The Risks of Vigorous Exercise

Science now shows a link between extreme workouts and an irregular heartbeat.

As the cultural pendulum keeps swinging further in the direction of extreme activities, it is enlightening to see new research suggesting we may have gone too far! In a new study presented in the cardiovascular medical journal, Heart, researchers found a link between intense exercise and an increased risk of atrial fibrillation (an irregular heartbeat).1

In this study, the heart health and exercise habits of 44,410 men between the ages of 45 and 79 were evaluated over a 12 year period. They were specifically asked about their exercise history at ages 15, 30 and 50. Those who, at the age of 30, exercised intensely for more than 5 hours a week, were 19% more likely to have an irregular heartbeat at age 60 compared to those who exercised less than an hour a week at the age of 30.1

Those who exercised 5 hours a week or more at age 30, but exercised less than an hour a week by the age of 60, had a 49% increased risk of developing atrial fibrillation.1

The good news: the 60 year old men who had a history of moderately exercising by brisk walking or cycling for an hour a day or more had a 13% decreased risk of developing atrial fibrillation.1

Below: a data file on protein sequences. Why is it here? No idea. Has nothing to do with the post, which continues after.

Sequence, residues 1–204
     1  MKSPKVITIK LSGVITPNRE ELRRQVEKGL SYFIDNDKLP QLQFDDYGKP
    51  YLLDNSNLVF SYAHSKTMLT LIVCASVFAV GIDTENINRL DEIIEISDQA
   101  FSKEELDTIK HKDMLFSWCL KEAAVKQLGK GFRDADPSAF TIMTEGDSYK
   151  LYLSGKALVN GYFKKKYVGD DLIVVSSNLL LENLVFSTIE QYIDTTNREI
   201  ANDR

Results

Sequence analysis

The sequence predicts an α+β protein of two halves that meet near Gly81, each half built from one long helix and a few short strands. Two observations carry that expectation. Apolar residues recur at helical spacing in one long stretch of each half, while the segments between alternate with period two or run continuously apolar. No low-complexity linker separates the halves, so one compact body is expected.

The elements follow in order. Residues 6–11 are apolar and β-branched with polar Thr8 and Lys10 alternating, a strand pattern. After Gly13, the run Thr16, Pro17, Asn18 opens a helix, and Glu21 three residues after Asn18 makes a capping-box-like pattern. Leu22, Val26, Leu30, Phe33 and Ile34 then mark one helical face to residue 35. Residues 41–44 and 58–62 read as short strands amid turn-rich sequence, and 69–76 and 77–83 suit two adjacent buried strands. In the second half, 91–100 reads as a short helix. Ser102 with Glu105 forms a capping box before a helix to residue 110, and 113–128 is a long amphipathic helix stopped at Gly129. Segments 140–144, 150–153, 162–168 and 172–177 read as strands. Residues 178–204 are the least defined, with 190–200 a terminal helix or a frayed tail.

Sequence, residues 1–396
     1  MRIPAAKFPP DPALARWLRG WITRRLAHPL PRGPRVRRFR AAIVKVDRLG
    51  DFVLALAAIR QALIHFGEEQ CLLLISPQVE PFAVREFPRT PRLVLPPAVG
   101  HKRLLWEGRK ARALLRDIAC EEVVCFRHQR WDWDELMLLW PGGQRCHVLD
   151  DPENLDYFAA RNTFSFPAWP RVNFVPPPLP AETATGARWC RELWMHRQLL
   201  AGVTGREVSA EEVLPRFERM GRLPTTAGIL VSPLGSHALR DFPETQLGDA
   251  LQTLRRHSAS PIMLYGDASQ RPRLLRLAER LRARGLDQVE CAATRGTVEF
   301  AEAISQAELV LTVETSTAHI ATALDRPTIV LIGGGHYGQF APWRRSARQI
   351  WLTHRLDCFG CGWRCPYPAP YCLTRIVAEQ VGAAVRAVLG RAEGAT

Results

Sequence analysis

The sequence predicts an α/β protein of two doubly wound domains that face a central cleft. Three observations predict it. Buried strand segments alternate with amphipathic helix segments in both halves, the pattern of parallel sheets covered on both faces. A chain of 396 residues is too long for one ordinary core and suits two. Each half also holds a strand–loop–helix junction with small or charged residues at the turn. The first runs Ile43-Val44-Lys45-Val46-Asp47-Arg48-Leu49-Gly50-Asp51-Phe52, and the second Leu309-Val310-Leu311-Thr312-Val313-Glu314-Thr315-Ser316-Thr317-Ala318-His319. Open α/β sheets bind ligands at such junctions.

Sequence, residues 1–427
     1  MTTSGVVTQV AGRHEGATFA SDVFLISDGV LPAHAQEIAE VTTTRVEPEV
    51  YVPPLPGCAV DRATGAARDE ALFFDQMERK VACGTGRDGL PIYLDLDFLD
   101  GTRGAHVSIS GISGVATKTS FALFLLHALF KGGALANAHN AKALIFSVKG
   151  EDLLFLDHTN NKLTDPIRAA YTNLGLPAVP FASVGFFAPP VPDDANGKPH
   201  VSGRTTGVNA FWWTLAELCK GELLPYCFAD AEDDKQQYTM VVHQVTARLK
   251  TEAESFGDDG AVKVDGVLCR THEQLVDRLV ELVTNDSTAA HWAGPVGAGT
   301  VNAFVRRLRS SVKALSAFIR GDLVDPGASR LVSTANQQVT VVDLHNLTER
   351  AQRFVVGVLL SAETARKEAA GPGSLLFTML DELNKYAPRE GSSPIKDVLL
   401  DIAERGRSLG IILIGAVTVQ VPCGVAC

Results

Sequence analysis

This is just one of many studies suggesting that moderate exercise provides the maximal cardiovascular benefit, but with prolonged, intense exercise, these benefits are lost.1

See also The Science Behind Why Nose Breathing is Better

In This Article

Ayurvedic Exercise (Nose Breathing Exercise)

In my book, Body, Mind, and Sport, I presented our research, which compared nose breathing to mouth breathing during moderate-to-intense exercise, suggesting that nose breathing exercise is a more effective monitor of how much exercise is safe and how much more is harmful.2

In our comparison of nose and mouth breathing, we found that during nose breathing the brain wave pattern became more coherent, and that there was a significant increase of alpha, or meditative, calm brain waves. Mouth breathing reflected more beta or stressed brain waves, as well as brain wave incoherence.2

The sympathetic activity, or “fight or flight” response, was significantly higher during mouth breathing and the parasympathetic activity, or calming and repairing response, was significantly higher during nose breathing.2

Using nose breathing as a governor to maintain brain wave coherence, alpha brain activity, and increased parasympathetic activity during exercise may be a reliable monitor to ensure exercise benefits, rather than the increased risk that prolonged intense exercise presents.2

See also How to Bliss Out While You Workout

References

  1. http://heart.bmj.com/content/100/13/999.extract Heart doi:10.1136/heartjnl-2014-305780, Exercise and the heart: unmasking Mr HydeHeart
  2. Travis, Douillard, et al. http://informahealthcare.com/doi/abs/10.3109/00207459608986691

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